Where to start? *grimaces*

In all honesty, I felt uncomfortable with the portrayal of the women throughout the book – particularly their lack of agency and Michel’s treatment of them. Michel is a bit of an arsehole. He knows he’s an arsehole and he wrestles with the fact that he’s an arsehole – with added vampire complications – throughout the entire story. I don’t know if his internal struggle makes it better or worse. It certainly makes it something. Mostly it was simply embarrassing and cringeworthy (for the character and the author) to watch unfold and, to be honest, its obviousness/standardness/unimaginativeness was almost boring, but it also felt a little bit sinister. It’s extent is debatable (I don’t actually want to debate it though because it’s Christmas and I work in retail so I’m grumpy and tired, just an fyi), but, personally, something felt icky and disappointing. Not overwhelmingly icky and disappointing, but still.

It’s very dated.

And I’m just gonna leave that very big can of worms there.

*backs away slowly*

I still liked it, still thought it was intriguing, still enjoyed the world building, etc., I just know I would have liked it more if my eyes had had less rolling to do.

My quest for the perfect vampire novel continues…

away with the fairytales

‘The realm of fairy-story is wide and deep and high and filled with many things – all manner of beasts and birds are found there.’ said J.R.R Tolkien in his essay On Fairy Stories.

And recently, one of the beasts to be found there has been me.

I’ve been venturing forth into those wide and deep and high realms on a quest for story treasures – armed with a notebook and pen to document my findings (when I remembered to be organised), and an embarrassing amount of tea to keep me going (which I always remembered because tea is life).

Here are a few of the treasures I discovered…

Snow, Glass, Apples by Neil Gaiman (illustrated by Colleen Doran)

‘I think of her hair as black as coal – her lips, redder than blood – her skin, snow-white.’

This book was dark, gruesome, macabre, explicit, and disturbing. And I loved it.

It’s an unsettling reimagining of the Snow White fairytale by Neil Gaiman, in graphic – sometimes very graphic *blushes* – novel form. First published in the nineties, it was rereleased earlier this year with illustrations by Colleen Doran.

The story itself is a wonderfully twisted take on the more traditional version of the tale, but it’s the illustrations that really make this book. They are stunning.

Definitely not one for the kids, though.

Snow, Glass, Apples by Neil Gaiman, illustrated by Colleen Doran, 2019 edition

The Wolf in the Attic by Paul Kearney

‘He is the fear in the dark, the monster under the bed. He is a thing out of stories, and he is here in my house…’

Anna is our heroine here – an eleven-year-old Greek refugee living with her emotionally distant father in 1920s Oxford. The pair are the only members of their family to have survived an attack on their home city, and not only is Anna still grieving for the friends and family she lost in the attack, she’s also struggling to fit into her new life in England. She’s incredibly lonely, cast adrift. But she’s also adventurous, wanting to follow in the footsteps of all the great characters of Greek mythology, and that spirit of adventure draws her into a world full of supernatural dangers.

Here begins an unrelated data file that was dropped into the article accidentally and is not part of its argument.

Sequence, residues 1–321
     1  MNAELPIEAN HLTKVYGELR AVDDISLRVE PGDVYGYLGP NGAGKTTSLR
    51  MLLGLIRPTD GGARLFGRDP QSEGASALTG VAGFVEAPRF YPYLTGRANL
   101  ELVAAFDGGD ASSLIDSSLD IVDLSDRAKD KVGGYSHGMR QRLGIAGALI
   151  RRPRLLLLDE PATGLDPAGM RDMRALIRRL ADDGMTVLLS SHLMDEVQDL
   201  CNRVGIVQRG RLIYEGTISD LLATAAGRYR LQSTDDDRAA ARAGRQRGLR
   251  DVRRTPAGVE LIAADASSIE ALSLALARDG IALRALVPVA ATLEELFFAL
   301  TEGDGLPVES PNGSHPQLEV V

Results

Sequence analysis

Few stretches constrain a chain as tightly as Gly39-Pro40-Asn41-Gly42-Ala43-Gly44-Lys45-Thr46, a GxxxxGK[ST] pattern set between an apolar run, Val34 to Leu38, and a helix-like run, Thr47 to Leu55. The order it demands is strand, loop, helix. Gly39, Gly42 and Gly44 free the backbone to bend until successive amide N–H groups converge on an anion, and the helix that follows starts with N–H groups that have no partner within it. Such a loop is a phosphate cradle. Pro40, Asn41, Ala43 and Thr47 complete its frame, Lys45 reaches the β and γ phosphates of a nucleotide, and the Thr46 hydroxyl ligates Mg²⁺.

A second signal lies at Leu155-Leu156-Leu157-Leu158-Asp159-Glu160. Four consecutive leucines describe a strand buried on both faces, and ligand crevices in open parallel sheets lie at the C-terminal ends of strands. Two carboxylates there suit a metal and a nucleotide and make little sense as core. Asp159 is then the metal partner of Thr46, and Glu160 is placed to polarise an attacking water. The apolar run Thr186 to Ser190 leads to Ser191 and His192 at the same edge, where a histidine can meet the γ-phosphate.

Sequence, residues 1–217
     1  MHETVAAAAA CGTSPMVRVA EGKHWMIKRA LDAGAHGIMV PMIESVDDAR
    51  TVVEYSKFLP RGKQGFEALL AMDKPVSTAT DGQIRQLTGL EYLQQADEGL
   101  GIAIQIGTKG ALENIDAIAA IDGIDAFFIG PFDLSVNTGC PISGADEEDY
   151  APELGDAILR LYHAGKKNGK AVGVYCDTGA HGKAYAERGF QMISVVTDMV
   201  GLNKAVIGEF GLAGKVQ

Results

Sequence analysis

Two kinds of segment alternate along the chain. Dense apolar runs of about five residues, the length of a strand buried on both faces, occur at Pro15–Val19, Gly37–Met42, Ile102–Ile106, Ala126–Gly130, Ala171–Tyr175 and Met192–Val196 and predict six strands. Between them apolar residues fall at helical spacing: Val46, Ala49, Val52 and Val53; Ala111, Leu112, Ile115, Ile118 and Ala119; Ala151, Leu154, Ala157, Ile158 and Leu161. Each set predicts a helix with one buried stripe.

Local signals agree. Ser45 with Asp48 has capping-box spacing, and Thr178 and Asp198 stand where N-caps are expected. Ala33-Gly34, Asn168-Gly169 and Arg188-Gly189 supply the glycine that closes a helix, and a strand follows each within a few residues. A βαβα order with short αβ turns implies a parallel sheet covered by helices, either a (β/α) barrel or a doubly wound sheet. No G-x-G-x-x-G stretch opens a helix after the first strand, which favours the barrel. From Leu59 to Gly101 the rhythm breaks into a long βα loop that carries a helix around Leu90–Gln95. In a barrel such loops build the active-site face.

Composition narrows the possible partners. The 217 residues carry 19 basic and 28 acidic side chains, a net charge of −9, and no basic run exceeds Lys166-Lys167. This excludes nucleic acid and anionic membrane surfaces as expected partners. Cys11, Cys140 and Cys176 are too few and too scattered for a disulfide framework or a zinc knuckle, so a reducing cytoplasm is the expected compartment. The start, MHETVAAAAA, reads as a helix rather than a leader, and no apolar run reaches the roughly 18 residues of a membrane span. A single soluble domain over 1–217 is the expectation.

This was an unusual gem/rough diamond of a book. It’s a hard one to define. There are a few things that aren’t quite right with it – it sits uneasily across genres and target audiences, the narrative voice seems to wander about at times, the pacing feels slightly off, plus there are awkward cameos from J.R.R. Tolkien and C.S. Lewis. And, technically, all of those things put together should have made for a bad reading experience… but *throws hands up in the air* I actually really liked it.

What can I say?

It’s by no means perfect but it’s by a lot of means enchanting.

The Wolf in the Attic by Paul Kearney

Once Upon A River by Diane Setterfield

‘In an ancient inn on the Thames the regulars are entertaining thenmselves by telling stories when the door bursts open and in steps and injured stranger. In his arms is the drowned corpse of a child.

Hours later, the dead girl stirs, takes a breath and returns to life.

Is it a miracle? Is it magic?

And who does the little girl belong to?’

This was an interesting book. I liked it a lot, especially its magical, folkloric elements.

I loved the ever-present spectre of Quietly the ferryman. ‘He appeared when you were in trouble on the water… He spoke never a word, but guided you safely to the bank so you would live another day. But if you were out of luck… it was another shore altogether he took you to…’

Ferrymen who guide souls to the otherworld are a favourite mythological figure of mine. *taps pen against nose secretively*

And all the living characters are richly drawn too. Their individual stories intertwine and twist and turn beautifully. But the plot is quite a slow-burner, a meanderer like the Thames itself, which felt a little disappointing.

Although it was certainly an enjoyable world to meander through.

Once Upon a River by Diane Setterfield book review

♦ Have you read any of these? ♦ What did you make of them if you have? ♦ What fairy-story realms would you recommend to a bookish explorer? ♦ The Tolkien quote at the start of the post is one of my favourite quotes on fairytales… what’s yours? ♦

Let me know in the comments!